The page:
What is Physical Therapy?

Physical therapy is a primary care health profession that is dedicated to:

    • Preventing and managing pain, physical impairments, disabilities and limits to physical activity.
    • Improving and maintaining functional independence and physical performance.
  • Promoting fitness, health and wellness.

Physical therapy focuses on understanding how  the  body  moves,  what  keeps it  from moving  well,  and  how  to  restore  mobility.

Physical therapists are required to obtain a Doctoral degree in physical therapy.

Physical therapists  assess  a patient’s  level  of  mobility,  strength, endurance and  other  physical  abilities  to  determine  the  impact  of  their  illness  or injury  on  their  physical  function,  whether  at  work,  rest  or  play.  This initial assessment is called an Initial Evaluation.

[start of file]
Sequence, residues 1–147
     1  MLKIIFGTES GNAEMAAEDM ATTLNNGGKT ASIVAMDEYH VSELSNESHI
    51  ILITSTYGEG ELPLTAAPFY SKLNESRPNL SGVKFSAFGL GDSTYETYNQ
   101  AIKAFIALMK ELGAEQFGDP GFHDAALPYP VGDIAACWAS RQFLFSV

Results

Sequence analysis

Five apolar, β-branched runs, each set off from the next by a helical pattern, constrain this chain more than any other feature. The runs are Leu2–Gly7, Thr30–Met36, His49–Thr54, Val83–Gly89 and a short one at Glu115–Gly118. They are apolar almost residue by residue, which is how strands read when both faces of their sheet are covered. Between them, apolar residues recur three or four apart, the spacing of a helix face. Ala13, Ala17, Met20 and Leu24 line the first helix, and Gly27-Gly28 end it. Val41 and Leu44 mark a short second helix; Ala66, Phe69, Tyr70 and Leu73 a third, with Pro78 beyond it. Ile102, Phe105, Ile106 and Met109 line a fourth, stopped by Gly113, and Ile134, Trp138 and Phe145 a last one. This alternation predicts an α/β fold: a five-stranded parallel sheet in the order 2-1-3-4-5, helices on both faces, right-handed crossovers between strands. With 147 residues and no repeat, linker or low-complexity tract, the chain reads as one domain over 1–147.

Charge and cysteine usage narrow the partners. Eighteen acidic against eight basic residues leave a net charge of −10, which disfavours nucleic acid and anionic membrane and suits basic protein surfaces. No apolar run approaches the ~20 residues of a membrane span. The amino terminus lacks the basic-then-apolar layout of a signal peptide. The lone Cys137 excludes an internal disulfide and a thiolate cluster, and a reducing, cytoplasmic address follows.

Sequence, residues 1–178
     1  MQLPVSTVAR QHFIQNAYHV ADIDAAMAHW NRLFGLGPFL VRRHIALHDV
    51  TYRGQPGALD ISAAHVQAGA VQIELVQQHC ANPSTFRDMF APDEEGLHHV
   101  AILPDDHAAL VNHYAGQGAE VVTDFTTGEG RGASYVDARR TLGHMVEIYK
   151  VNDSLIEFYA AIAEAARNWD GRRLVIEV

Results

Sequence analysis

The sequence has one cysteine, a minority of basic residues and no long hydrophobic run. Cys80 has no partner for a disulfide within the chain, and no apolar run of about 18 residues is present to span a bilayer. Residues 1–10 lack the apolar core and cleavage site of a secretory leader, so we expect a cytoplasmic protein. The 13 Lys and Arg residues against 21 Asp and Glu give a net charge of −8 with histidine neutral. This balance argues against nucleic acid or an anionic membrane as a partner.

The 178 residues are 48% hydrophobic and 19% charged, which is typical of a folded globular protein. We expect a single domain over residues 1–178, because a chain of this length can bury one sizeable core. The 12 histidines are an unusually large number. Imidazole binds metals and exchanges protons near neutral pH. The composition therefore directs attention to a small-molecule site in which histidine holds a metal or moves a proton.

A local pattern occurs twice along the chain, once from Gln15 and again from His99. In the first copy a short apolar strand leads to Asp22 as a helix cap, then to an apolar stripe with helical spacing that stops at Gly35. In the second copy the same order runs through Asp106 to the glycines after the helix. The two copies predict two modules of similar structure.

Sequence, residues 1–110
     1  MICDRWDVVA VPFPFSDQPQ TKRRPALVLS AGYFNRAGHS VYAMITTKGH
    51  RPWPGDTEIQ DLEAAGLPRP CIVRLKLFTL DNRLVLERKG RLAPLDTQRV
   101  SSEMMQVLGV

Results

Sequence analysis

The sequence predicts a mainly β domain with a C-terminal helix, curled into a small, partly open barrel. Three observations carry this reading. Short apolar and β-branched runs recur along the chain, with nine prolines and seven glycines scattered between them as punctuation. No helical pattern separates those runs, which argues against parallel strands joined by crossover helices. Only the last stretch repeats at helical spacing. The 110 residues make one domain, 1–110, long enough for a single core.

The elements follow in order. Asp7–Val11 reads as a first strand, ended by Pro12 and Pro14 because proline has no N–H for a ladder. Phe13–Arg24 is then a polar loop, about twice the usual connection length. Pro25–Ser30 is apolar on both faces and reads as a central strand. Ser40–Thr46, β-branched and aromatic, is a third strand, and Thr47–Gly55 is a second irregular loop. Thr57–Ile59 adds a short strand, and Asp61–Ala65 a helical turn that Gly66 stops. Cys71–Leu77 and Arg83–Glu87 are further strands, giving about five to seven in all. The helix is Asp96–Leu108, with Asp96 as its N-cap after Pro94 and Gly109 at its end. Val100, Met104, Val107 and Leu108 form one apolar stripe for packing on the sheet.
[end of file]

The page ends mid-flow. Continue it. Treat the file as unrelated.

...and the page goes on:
The therapist diagnoses  the  condition and  develops  a  treatment  plan  to  restore  movement and  reduce  pain  or limitations  to  mobility.  They  treat  the  condition  and help  the  patient understand  its  effect  on  their  function.  The patient’s progress is monitored regularly (every 30 days, called a Re-Evaluation), and treatments are adjusted accordingly.  They also advise  the  patient  on  how  to  manage  their  condition independently (usually through training and at-home exercises), and help  the patient  prevent  avoidable  recurrences  or  complications.

Physical therapists  provide  valuable  health  care  for  people  from  birth  to older  age.  Primarily, they work in 3 practice areas:  orthopedicsneurology and cardio-respiratory.  Our physical therapists  also  work  in  areas  that span  all  three  practice areas such  as: women’s health (including pre and post natal care, lower back pain, and other women’s health issues), and senior care.  They also help manage the physical complications of cancer and diabetes and their treatment, and care for physical symptoms associated with arthritis.  

 

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